Friday, August 29, 2014

Study - When cooking chicken, too many use risky practices

A study in Food Protection Trends found that people cooking chicken 1) did not wash their hands before serving or after handling raw chicken, 2) did not properly wash their hands with some not using soap, 3) washed their chicken even though that creates a cross contamination risk,  4) did not use a thermometer, and 5) when a thermometer was used, the still undercooked it.

Surprising....unfortunately not.

Food Protection Trends - Sept / Oct 2014Chicken Preparation in the Home: An Observational Study
By Christine M. Bruhn


Poultry has been linked to foodborne illnesses caused by Salmonella spp. and Campylobacter spp.
This study reports on observed handling behavior when 120 volunteers prepared chicken and salad in
their homes. A food safety attitudes and knowledge questionnaire was administered to volunteers after meal preparation had been video recorded. In the questionnaire, consumers stated that they were knowledgeable about safe-food handling and had heard of people becoming ill from eating chicken. 

The video recording, however, revealed that personal hygiene was insufficient, with 65% of meal
preparers not washing their hands prior to meal preparation, 40% not washing their hands after
handling raw chicken, and 45% washing the chicken prior to preparation. Hand-washing duration was less than 20 seconds, and in one-third of the handwashing events, soap was not used. Most people
judged thoroughness of cooking by appearance.

When chicken temperature was taken, 60% of the cooked chickens registered 165°F or above.
However, 39% of households stopped cooking even though the internal temperature of the poultry
registered below 165°F. These results suggest that educational messages should focus on thorough
washing of hands with soap, not washing chicken, and using a calibrated thermometer to determine
doneness. To increase consumer protection, the poultry industry should adopt additional approaches to reduce pathogen levels.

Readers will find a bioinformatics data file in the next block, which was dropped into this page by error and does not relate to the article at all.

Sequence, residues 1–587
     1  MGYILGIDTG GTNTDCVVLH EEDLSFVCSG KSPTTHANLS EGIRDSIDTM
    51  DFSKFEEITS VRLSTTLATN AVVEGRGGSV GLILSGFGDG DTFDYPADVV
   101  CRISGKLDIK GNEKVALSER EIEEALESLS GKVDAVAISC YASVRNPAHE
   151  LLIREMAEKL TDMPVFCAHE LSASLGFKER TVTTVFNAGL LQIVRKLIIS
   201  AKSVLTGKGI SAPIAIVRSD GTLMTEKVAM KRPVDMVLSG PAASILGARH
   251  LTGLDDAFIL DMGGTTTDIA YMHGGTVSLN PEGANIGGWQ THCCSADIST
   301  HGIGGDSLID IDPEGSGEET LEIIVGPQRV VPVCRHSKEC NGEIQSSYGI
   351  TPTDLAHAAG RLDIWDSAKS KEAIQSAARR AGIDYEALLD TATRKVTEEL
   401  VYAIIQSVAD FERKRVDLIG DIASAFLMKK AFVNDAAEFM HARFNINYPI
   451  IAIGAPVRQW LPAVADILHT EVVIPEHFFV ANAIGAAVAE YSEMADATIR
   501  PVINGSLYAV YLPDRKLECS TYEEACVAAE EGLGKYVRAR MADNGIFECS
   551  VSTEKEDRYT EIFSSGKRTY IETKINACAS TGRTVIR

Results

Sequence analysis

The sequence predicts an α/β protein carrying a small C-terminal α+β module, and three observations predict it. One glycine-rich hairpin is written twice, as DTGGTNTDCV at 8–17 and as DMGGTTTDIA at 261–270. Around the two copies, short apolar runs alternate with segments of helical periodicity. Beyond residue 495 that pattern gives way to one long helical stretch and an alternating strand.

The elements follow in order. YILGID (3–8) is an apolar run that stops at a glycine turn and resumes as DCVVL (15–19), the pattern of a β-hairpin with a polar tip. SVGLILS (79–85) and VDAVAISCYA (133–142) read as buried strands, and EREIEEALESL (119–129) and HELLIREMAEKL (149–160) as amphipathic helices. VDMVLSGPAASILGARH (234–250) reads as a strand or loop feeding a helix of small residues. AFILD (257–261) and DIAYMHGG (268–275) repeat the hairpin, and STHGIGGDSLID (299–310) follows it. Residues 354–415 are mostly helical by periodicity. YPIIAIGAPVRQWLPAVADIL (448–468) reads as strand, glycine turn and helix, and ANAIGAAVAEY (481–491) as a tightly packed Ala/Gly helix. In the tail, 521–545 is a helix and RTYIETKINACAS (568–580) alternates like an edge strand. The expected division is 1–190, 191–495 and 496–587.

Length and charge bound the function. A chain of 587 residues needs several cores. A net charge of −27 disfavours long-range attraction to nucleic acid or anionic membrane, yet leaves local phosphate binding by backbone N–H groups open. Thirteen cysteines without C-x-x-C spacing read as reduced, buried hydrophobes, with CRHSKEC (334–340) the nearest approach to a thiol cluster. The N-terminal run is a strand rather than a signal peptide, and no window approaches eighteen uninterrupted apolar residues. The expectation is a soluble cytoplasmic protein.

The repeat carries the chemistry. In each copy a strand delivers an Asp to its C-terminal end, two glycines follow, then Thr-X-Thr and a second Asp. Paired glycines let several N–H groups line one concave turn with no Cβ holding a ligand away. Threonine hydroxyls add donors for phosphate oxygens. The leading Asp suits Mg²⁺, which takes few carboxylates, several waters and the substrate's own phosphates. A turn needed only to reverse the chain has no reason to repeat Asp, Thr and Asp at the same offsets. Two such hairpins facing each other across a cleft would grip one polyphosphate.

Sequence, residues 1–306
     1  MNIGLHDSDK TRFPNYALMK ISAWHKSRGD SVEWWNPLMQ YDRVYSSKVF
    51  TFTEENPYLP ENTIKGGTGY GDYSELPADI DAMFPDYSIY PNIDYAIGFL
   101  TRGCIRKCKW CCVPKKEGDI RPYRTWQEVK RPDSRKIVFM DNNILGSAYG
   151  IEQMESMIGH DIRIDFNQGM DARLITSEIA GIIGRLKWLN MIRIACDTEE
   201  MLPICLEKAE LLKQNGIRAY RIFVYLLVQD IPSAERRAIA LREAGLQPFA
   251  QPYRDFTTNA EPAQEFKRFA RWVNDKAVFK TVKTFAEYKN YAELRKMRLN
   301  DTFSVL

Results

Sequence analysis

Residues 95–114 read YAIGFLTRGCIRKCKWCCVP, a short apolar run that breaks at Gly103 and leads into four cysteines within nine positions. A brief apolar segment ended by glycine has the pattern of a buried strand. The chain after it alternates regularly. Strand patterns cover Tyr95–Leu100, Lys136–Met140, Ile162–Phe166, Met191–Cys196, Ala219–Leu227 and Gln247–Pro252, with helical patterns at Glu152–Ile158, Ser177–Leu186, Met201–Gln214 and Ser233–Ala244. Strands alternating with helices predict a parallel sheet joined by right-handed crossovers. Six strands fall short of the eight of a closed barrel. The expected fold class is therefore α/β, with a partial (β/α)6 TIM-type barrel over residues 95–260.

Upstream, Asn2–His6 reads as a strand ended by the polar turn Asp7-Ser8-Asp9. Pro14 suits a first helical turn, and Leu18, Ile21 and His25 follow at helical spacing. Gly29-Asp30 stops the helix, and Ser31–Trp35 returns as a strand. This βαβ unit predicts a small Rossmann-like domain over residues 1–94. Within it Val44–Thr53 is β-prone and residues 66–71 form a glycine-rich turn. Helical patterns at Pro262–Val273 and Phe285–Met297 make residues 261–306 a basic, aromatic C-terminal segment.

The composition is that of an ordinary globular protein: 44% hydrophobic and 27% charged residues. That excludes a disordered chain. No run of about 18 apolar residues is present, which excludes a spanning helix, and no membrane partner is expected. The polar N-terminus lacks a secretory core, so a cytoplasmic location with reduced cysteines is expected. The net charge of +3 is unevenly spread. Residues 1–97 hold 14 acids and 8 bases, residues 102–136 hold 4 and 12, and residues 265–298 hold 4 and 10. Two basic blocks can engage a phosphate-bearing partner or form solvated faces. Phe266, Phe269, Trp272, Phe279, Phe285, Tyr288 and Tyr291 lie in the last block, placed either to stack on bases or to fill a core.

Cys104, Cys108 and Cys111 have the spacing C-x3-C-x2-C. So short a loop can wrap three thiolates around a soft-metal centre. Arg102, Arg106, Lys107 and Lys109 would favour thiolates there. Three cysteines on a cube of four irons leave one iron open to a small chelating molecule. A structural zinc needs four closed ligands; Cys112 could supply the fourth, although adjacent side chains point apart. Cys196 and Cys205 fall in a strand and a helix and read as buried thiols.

Study - 1/4 of Used Kitchen Hand Towels Analyzed Contained E. coli

A study on cleanliness of used handtowels published in Food Protection Trends shows that about 1/4 of the used hand towels collected from over 80 kitchens and analyzed had E. coli present. This is one of the primary reasons why dishes should be air dried instead of wipe dried.  The kitchen hand towel gets used over and over throughout the day, and people often forget what they used the towel to wipe last (insert butt joke here).  It is not uncommon for towels to be used for a number of days.  This not only provides more opportunity for introduction of bacteria, but allows for the growth of bacteria.  Leaving them air dry does not get rid of the bacteria. It is important that people change out towels throughout the day as they go from task to task.  Then the used towels should be collected to prevent reentry into the kitchen without first going into the wash.  When washing, hot water, detergent and bleach.
From the report:
"E. coli numbers also were related to the frequency of washing, with numbers on towels being lower the more often they were washed. Age of the towel and days since last time washed did not influence the concentration of any of the bacteria in the towels. The results suggest that E. coli is particularly easily removed during washing or requires an unusually long time to colonize and grow in the towels. Coliforms, E. coli and Salmonella can survive the drying of kitchen cleaning cloths and regrow if the cloth becomes soiled again (3)."
 Of course, not all E. coli are pathogens, but they are indicators of insanitary conditions, that is, show a high correlation to fecal contamination, and may indicate the potential for other pathogens to be present.
Food Protection Trends  Sept - Oct, 2014
Bacterial Occurrence in Kitchen Hand Towels
By Charles P. Gerba, Akrum H. Tamimi, Sherri Maxwell, Laura Y. Sifuentes, Douglas R. Hoffman and David W. Koenig
The common occurrence of enteric bacteria in kitchen sponges and dishcloths suggests that they can play a role in the cross-contamination of foods, fomites and hands by foodborne pathogens. This study investigated the occurrence of bacteria in kitchen towels often used to dry dishes, hands and other surfaces in the domestic kitchen. A total of 82 kitchen hand towels were collected from households in five major cities in the United States and Canada and the numbers of heterotrophic bacteria, coliform bacteria, and Escherichia coli in each towel were determined. In addition, identification of the enteric bacteria was performed on selected towels. Coliform bacteria were detected in 89.0% and E. coli in 25.6% of towels. The presence of E. coli was related to the frequency of washing.

Walnuts falling from tree result in spinach recall

A limited amount of spinach is being recalled due to the potential to be contaminated by an allergen, walnuts.  What is interesting in this is how the walnuts were found to have contaminated the product - they fell from the trees into spinach trucks/bins as the trucks/bins moved the spinach from the field to the processing facility.